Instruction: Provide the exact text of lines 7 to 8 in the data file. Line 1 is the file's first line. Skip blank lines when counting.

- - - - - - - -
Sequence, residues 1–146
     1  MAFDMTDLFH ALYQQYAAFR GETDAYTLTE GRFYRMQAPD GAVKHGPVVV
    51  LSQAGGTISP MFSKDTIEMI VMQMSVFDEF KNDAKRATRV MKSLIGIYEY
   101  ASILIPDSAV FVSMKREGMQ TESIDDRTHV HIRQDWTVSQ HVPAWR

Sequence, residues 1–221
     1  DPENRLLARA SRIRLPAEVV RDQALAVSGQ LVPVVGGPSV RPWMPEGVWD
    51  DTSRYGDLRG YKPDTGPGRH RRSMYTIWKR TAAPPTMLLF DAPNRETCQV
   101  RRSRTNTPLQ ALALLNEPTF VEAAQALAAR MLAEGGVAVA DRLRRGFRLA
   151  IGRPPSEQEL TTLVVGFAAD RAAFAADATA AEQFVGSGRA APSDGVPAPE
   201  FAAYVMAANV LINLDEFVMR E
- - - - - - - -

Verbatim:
    51  DTSRYGDLRG YKPDTGPGRH RRSMYTIWKR TAAPPTMLLF DAPNRETCQV
   101  RRSRTNTPLQ ALALLNEPTF VEAAQALAAR MLAEGGVAVA DRLRRGFRLA